Review: Jake and Cake

February 22, 2010

Clare Chater and Robert Solar in Jake and Cake

Imagination in theatre is a tool that when used effectively can propel a performance forward into new territories, taking the audience to new worlds and warps of life. Equally, imagination can kill a performance, with writers or directors going too far and letting their own imaginations run away from them leaving the audience stranded in their seats with puzzled expressions. Thankfully Jake and Cake, Theatre Centres latest young persons show has just the right amount of imagination without letting loose of the goals.

Having moved to Essex from London, the countryside seems like a world apart from the city life that Jake is used to. Leaving behind his friends and having to start anew is a daunting task for any teenager, but the thought of the countryside with the grass that “smells of poo”, and the lack of anything to do, makes the matter a whole lot worst. Of course if you’re Cake who has been brought up in the countryside, it’s a place of adventure and wonder – if you let your imagination take over.

Jake and Cake, by Godfrey Hamilton explores the boundaries of friendships, exploration and the notion of looking forward instead of backwards in life. Hamilton combines the tales of wolves in the forest with Jake and Cakes slowly building friendship. The play shifts from fast paced storytelling to adventures in the forest, all delivered by Clare Chater as Cake and Robert Solar as Jake.

Chater and Solar clearly have built a great energy between them during the rehearsals of Jake and Cake. Their energy collides with the story, and together they create the atmospheric story, weaving together the words of Hamilton with the errie sound effects and music.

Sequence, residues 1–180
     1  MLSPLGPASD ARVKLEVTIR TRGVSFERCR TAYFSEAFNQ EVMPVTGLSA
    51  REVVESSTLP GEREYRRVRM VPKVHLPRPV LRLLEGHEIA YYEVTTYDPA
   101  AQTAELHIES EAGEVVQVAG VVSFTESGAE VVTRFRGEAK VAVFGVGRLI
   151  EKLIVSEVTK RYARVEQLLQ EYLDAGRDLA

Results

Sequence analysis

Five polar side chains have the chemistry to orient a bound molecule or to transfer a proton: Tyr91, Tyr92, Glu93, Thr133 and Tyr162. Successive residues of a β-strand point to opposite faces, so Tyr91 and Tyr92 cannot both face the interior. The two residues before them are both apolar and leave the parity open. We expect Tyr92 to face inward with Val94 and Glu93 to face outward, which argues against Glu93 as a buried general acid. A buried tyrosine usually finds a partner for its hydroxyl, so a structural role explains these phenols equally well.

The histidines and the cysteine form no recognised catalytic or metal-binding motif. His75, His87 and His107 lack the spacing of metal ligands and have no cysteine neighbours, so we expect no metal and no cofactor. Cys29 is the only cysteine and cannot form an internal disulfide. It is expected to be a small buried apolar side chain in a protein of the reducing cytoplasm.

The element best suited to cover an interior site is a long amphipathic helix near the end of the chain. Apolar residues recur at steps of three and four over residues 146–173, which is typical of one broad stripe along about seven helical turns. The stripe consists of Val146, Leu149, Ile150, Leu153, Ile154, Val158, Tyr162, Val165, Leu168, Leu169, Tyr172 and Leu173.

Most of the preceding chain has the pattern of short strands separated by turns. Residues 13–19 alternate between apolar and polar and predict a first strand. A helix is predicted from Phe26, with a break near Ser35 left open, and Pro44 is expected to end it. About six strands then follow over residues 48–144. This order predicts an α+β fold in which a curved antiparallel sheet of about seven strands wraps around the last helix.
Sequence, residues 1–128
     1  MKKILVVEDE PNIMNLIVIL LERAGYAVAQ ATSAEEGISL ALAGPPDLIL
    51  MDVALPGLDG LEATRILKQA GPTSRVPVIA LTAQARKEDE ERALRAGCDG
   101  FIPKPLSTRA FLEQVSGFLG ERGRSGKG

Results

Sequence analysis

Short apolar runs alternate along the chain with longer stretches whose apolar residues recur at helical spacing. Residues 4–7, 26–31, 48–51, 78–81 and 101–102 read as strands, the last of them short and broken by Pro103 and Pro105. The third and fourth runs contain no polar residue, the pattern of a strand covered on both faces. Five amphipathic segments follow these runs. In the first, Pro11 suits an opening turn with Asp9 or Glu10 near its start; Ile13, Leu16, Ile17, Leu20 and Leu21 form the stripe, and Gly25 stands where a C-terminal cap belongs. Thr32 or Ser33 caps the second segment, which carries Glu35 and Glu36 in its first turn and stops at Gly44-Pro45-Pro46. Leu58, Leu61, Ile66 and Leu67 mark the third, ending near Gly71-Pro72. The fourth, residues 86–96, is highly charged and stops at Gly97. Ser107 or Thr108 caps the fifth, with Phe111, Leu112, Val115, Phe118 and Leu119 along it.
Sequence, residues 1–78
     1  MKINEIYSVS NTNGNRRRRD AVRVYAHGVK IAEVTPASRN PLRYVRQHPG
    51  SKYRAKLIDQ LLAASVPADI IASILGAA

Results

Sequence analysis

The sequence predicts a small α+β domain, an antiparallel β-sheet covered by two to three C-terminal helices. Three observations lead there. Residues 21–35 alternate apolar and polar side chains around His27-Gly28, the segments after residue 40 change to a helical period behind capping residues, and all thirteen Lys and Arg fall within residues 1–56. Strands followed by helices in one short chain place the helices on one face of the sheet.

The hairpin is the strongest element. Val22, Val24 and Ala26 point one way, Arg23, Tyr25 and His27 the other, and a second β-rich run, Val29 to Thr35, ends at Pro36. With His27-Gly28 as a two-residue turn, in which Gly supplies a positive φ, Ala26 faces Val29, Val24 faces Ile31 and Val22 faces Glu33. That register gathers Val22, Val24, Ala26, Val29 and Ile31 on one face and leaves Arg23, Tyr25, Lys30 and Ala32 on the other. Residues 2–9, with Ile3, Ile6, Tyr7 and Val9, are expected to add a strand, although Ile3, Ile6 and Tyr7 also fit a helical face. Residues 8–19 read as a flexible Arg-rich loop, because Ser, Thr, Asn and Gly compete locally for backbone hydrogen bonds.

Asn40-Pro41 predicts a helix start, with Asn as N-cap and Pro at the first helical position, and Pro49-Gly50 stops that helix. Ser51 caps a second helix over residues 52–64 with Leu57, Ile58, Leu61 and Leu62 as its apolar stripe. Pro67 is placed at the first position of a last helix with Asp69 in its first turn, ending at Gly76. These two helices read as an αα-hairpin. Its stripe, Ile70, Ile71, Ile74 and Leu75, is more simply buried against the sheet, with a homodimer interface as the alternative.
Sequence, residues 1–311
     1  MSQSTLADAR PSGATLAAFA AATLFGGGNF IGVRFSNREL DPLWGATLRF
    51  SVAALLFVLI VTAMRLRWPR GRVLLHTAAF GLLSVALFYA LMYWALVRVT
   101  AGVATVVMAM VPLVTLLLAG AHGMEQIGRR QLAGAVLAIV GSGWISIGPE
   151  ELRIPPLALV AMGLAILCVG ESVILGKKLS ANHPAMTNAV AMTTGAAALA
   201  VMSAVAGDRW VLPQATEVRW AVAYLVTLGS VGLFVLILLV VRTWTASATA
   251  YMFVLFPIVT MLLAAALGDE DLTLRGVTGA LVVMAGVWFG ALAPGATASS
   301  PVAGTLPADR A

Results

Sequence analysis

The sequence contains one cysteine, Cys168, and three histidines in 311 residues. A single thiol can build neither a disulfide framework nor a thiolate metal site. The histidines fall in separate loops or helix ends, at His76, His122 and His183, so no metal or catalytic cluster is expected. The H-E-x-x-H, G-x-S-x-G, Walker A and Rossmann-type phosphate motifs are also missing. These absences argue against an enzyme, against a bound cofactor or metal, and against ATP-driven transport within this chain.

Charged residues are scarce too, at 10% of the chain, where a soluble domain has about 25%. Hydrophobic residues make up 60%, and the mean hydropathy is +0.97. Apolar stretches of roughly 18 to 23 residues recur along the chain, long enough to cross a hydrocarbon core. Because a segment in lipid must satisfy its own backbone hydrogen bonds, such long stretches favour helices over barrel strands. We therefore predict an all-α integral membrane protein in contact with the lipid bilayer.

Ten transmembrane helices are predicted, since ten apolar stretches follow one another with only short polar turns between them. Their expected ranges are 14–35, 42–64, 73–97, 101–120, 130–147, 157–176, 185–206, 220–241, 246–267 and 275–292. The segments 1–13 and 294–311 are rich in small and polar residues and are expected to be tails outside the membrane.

What is great about Jake and Cake is that you can clearly see that every aspect of this play has been brought together with great skill. Natalie Wilson as director and artistic director of Theatre Centre, has once again proven that she knows how to engage young people through theatre.

The story is very compelling and inventive, and under the direction of Wilson creates a world in which the audience can get lost within. At times we are left frightened by the clashing of thunder and lighting, other times sad for seeing how these two characters desperately need each other to survive the night but are clouded by their judgment of what friends are.

Jake and Cake is a thought provoking piece – whilst still being completely engaging.

Clare Chater as Cake is a bundle of joy to the story. Her enthusiasm and portrayal of her character is fantastic. Bringing the energy and idea that “everything is a piece of cake” to life through the constant shifting of stories and use of imagination. Equally Robert Solar as Jake shows a sensitive side to the affects of having to leave friends behind, allowing the emotion of the character to sweep across his acting.

Wilson has made Jake and Cake into an enchanting piece of storytelling for young people with a soft message of understanding who you are to understand others. It is another great triumph for Theatre Centre in showing what the imagination of an audience with a gripping story can produce: brilliantly entertaining.